Jace Sternberger Fantasy Rookie Profile
TE Jace Sternberger Fantasy
Why should fantasy owners be excited about tight end Jace Sternberger? Well, for starters he ran a ton of routes at the college level. Per Pro Football Focus, Sternberger ran 415 routes last season which was the second most behind only Josh Oliver for the most routes run at the TE position of the 2019 draft class. He was also the highest graded tight end by PFF in 2018 for his receiving skills and fifth-highest overall at the tight end position. But what kind of athlete is Sternberger?
Now his workout metrics from the combine did not particularly pop off the charts. He ranked above the 56th percentile in the 40-yard dash (4.75), the 57th percentile in size-adjusted speed score (98.1) and 60th percentile in agility score (11.50) via PlayerProfiler.com. But what should excite fantasy owners was his production at Texas A&M. His college dominator rating ranks in the 91st percentile (32.7%), and college yards per reception ranked in the 93rd percentile (22.2). Excited yet?
Per @PFF Most routes run by the TE 2019 Draft Class from 2018:
1 Josh Oliver – 439
2 Jace Sternberger – 415
3 Caleb Wilson – 377
4 T.J. Hockenson – 337
5 Kaden Smith – 319
6 Mik'Quan Deane – 298
7 Charles Scarff – 270
7 Keenen Brown – 270
9 Noah Fant – 241 pic.twitter.com/t7ArAYxXO1
— Andrew Erickson™ (@AndrewErickson_) March 16, 2019
- Height: 6 ft 4 in
- Weight: 251 lbs
- Arms: 32″
- Age: 23
Sternberger played just one season at Texas A&M before declaring for the 2019 NFL Draft. He finished his career with 48 receptions for 832 yards and 10 touchdowns. His 10 touchdowns match the school record for most touchdowns by a tight end, and his 832 receiving yards ranked second nationally among all tight ends for the 2018 season He was practically not on anybody’s radar entering 2018 either because of his years prior he played at Northeastern Oklahoma A&M and Kansas where he saw little usage.
Eventually, Sternberger wanted to showcase his skills in an offense that featured the tight end position more which is why he chose Texas A&M. Jimbo Fisher had just accepted the head coach position there who runs a tight-end heavy offense. And it paid off.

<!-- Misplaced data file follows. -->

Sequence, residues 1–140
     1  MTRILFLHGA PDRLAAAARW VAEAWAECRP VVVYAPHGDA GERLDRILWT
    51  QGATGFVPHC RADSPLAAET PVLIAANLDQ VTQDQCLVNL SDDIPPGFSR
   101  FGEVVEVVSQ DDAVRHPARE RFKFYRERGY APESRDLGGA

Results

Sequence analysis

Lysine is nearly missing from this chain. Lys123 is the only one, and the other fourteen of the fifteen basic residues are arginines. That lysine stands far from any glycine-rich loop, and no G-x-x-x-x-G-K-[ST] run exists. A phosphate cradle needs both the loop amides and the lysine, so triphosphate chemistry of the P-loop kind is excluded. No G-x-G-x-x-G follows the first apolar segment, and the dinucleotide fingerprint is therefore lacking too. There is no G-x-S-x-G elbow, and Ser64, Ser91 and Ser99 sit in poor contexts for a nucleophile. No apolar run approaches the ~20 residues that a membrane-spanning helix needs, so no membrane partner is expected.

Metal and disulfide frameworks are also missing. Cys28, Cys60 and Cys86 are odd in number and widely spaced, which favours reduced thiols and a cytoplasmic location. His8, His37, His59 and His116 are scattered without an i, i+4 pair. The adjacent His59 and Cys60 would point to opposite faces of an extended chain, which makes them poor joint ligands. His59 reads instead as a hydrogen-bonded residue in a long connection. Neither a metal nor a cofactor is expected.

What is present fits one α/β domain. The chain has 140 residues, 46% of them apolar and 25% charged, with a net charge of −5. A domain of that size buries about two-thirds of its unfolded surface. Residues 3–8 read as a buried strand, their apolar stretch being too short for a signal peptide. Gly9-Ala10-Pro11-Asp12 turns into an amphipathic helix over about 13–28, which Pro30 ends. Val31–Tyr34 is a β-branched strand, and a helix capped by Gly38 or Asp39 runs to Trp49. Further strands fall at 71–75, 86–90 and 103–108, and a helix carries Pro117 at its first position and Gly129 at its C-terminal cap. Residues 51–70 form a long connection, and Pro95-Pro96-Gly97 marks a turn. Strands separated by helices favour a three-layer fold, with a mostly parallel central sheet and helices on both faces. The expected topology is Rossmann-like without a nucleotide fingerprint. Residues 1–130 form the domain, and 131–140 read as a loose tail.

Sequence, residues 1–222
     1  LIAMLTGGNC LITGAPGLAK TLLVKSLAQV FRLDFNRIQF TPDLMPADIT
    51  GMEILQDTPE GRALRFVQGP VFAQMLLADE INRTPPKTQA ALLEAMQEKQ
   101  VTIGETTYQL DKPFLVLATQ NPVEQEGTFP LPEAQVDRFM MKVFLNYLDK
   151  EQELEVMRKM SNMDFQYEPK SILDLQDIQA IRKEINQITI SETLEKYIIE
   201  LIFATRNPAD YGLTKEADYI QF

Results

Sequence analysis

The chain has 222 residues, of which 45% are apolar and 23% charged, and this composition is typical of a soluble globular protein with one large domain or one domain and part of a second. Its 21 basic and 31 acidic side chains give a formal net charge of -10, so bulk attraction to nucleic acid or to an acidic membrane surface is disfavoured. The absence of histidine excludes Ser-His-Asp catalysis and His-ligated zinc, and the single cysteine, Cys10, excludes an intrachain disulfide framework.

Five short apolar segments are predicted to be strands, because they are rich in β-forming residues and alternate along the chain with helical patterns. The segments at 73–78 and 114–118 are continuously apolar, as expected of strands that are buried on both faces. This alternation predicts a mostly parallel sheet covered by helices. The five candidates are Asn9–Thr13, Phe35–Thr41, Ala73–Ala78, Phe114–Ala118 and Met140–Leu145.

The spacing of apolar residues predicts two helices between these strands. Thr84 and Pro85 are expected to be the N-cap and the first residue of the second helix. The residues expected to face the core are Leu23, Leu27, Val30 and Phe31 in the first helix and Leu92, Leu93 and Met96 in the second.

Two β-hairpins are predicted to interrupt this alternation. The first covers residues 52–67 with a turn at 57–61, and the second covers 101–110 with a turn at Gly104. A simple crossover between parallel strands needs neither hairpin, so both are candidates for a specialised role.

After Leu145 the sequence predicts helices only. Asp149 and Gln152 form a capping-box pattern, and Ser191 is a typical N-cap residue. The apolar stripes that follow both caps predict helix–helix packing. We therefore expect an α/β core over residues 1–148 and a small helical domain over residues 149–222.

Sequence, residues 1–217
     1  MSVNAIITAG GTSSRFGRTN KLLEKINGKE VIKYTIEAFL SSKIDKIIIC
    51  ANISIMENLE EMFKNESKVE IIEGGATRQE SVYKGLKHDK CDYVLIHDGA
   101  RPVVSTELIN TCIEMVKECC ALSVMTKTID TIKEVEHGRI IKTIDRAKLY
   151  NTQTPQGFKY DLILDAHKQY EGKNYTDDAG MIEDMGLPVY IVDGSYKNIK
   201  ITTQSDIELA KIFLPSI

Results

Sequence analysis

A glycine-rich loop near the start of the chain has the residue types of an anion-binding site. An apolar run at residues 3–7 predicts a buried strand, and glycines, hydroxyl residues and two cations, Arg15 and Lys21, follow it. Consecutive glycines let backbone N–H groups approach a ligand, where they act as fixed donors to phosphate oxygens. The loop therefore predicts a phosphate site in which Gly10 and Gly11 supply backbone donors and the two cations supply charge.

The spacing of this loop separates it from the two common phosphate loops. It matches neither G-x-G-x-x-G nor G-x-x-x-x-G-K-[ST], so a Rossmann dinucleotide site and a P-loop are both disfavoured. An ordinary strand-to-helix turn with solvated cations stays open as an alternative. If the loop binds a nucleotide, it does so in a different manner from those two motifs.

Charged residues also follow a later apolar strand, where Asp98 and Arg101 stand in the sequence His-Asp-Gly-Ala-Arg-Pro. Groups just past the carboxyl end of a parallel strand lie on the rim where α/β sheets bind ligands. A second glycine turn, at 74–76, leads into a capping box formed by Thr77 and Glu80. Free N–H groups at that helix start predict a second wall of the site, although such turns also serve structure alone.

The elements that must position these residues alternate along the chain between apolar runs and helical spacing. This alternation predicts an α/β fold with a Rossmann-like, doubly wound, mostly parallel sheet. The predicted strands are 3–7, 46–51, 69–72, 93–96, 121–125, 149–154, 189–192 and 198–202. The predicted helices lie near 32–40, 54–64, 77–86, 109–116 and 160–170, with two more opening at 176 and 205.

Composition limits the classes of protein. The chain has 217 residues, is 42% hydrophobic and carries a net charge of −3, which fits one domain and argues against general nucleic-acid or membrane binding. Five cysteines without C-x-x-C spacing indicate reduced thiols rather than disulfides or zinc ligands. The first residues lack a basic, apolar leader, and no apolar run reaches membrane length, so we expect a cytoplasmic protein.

In an interview with MusicCityMiracle.com Sternberger had some interesting things to say about himself.
What do you enjoy most about playing tight end?
I love running with the football in my hands. Seeing what I can do after the catch gets me excited. I also love making contested catches.
If you could catch a pass from one NFL QB, who would it be and why?
I would honestly have to say Tom Brady because he’s such a legend. Drew Brees is definitely another one.
And the last fact and this should come to no real surprise, but like many tight ends before him, Sternberger as an extensive background in basketball. He played power forward and that helped him excel at the tight end position.
NFL Combine Recap
- 40 Yard Dash: 4.75
- Bench Press: 17
- Vertical Jump: 31.5
- Broad Jump: 113
- 3-cone drill: 7.19
- 20-yard shuttle: 4.31
- 60-yard shuttle: 12.09
Strengths & Weaknesses
His big strength is his yards/reception. In 2018 in the SEC, Sternberger led all players in eight games with at least 17 yards/reception. That was more than big-play wide receivers Emanuel Hall and D.K. Metcalf. He actually led all tight ends in that category with a minimum of 50 targets. If you include receivers in it he actually ranks 15th overall by average. Sternberger ranked first in the tight ends with seven receptions of 20 plus or more downfield and third in total receiving yardage on those same deep passes.